Thursday, December 20, 2007

MBIA Bond Risk Soars on $8.1 Billion CDO Disclosure

(Bloomberg) -- MBIA Inc. tumbled the most since 1987, and the risk of default soared after the world's biggest bond insurer revealed that it guarantees $8.1 billion of collateralized debt obligations repackaging other CDOs and securities linked to subprime mortgages.

Credit-default swaps tied to Armonk, New York-based MBIA's bonds climbed 115 basis points to 595 basis points, the widest on record, according to CMA Datavision in London. MBIA shares plunged $4.73, or 18 percent, to $22.29 as of 9:38 a.m. in New York Stock Exchange composite trading.

MBIA posted a document on its Web site late yesterday showing it insured the so-called CDOs-squared, a potentially riskier form of security than what the company typically guarantees. Rising defaults on subprime mortgages packaged into securities have led to bond downgrades and threatened MBIA's AAA guaranty rating.

``We are shocked management withheld this information for as long as it did,'' Ken Zerbe, an analyst with Morgan Stanley in New York, wrote in a report yesterday. ``MBIA simply did not disclose arguably the riskiest parts of its CDO portfolio to investors.''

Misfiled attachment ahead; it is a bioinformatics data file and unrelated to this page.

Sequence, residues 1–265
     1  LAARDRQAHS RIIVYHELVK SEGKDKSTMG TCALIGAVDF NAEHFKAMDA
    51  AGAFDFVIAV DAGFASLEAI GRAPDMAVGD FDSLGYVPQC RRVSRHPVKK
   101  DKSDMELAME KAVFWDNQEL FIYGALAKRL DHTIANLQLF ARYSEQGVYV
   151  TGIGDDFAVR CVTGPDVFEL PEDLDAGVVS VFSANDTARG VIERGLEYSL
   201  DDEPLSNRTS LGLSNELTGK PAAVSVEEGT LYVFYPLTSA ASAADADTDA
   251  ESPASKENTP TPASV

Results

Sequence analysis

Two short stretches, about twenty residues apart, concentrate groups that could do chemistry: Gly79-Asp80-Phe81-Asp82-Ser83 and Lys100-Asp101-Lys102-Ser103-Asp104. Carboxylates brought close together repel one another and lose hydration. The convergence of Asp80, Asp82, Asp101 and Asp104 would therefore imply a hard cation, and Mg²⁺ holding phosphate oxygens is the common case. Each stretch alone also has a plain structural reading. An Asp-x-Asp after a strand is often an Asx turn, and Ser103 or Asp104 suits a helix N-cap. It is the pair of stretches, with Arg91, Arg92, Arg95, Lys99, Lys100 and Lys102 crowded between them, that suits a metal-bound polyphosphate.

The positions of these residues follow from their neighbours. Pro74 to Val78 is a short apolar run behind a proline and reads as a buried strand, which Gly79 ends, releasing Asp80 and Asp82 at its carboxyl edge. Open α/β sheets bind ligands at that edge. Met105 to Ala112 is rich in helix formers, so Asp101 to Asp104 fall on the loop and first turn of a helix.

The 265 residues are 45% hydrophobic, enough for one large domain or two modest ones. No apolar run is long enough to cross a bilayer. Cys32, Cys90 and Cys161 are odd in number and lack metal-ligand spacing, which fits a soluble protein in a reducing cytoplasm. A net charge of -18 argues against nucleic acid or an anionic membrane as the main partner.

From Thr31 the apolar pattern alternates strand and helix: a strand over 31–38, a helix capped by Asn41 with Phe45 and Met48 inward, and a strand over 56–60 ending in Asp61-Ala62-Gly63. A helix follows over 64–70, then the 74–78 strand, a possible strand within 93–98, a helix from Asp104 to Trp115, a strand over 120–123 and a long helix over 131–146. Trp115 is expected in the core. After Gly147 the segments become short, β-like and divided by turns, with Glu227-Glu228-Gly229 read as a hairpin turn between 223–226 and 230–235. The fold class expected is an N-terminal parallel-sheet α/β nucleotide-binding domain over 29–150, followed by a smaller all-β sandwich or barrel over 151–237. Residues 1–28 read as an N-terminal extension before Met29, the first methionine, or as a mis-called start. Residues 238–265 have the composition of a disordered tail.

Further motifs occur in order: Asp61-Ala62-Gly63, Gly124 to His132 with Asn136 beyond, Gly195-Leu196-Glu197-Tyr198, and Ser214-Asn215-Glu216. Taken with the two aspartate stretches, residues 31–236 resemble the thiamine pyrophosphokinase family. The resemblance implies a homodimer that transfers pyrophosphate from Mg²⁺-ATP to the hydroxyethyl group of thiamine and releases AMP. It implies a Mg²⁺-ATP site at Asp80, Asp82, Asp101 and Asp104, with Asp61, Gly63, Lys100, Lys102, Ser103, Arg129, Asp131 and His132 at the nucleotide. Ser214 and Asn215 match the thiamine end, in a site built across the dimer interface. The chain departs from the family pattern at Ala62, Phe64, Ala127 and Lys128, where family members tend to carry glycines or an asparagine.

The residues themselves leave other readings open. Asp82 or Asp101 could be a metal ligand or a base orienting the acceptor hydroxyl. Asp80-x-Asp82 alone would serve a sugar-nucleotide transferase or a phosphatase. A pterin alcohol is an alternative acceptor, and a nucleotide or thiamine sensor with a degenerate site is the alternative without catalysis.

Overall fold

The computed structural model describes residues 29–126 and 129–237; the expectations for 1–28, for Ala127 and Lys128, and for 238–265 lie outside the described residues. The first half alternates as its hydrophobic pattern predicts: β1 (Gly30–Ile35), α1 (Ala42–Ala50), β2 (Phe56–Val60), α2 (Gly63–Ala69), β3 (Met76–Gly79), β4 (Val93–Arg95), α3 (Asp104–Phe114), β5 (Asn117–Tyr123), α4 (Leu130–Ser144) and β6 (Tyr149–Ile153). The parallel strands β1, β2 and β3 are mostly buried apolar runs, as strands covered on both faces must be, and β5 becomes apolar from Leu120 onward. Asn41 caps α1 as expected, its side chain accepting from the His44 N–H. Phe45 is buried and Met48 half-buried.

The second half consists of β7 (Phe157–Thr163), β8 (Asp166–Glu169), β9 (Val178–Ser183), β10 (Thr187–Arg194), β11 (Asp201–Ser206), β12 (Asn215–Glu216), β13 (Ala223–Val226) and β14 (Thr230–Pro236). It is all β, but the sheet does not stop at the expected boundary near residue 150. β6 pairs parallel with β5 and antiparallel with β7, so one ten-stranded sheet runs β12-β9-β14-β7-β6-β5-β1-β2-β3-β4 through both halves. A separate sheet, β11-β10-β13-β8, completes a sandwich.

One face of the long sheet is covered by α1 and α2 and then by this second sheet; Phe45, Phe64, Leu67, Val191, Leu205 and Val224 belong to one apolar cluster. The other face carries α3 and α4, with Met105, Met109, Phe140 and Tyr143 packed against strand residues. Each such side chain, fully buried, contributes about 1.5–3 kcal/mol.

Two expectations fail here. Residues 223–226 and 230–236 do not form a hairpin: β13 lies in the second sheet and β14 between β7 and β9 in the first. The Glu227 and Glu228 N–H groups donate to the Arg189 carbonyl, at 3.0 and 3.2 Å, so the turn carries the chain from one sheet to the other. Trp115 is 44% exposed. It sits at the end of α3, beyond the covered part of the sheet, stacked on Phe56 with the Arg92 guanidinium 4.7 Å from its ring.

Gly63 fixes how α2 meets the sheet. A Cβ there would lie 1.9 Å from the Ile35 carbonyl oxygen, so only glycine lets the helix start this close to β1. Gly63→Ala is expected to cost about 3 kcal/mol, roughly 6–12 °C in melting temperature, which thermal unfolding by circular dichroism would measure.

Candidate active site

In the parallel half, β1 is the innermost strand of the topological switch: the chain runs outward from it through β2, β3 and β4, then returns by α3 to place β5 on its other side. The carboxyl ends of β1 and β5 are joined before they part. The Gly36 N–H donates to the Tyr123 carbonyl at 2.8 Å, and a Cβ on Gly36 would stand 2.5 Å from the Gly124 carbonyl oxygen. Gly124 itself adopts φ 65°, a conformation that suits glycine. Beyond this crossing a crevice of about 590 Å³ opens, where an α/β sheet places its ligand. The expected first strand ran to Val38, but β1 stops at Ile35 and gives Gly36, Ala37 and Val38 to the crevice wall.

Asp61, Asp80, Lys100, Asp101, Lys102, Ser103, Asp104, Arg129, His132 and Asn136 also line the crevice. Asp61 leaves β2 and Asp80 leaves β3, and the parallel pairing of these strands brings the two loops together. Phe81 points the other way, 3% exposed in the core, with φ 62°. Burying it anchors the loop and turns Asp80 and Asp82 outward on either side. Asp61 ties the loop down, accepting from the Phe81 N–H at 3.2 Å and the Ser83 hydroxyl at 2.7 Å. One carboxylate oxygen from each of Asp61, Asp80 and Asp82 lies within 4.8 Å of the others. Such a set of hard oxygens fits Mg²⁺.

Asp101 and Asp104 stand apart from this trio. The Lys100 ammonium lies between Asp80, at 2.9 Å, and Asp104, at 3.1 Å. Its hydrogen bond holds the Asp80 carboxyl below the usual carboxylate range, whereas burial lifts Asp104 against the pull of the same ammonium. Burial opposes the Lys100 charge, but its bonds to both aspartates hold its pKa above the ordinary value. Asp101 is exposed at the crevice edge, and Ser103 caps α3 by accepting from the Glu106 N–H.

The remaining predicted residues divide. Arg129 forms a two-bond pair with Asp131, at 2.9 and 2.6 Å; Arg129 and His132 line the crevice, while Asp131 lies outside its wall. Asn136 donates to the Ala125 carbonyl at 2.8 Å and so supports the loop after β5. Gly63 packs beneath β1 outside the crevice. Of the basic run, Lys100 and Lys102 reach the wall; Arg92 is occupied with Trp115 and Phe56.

The disclosure followed Standard & Poor's decision yesterday to lower its outlook to negative for the AAA ratings of the bond insurance units of MBIA and Ambac Financial Group Inc.

Credit-default swaps tied to MBIA's AAA rated bond insurer, MBIA Insurance Corp. climbed the most in at least a year. The five-year contracts, used to speculate on the company's ability to repay its debt or hedge against the risk it doesn't, rose 55 basis points to 295 basis points, CMA prices show.

Contracts tied to Ambac rose 30 basis points to 595 basis points, according to CMA. A basis point on a credit-default swap contract protecting $10 million of debt for five years is equivalent to $1,000 a year.

Changes Perceptions

Credit-default swaps, contracts conceived to protect bondholders against default, pay the buyer face value in exchange for the underlying securities or the cash equivalent should a company fail to adhere to its debt agreements.

Zerbe said the CDO disclosure explains why S&P and Moody's Investors Service turned more negative on MBIA in recent weeks. Last month, Moody's had said that MBIA was ``unlikely'' to fall below its target capital level for an AAA bond insurer despite widespread downgrades of securities backed by subprime mortgages. Ambac had been flagged as ``moderately'' likely to need more capital.

``This disclosure completely changes our view of MBIA being a more conservative underwriter relative to Ambac,'' Zerbe wrote.

Subprime mortgages are made to borrowers with poor or limited credit histories or high debt burdens.

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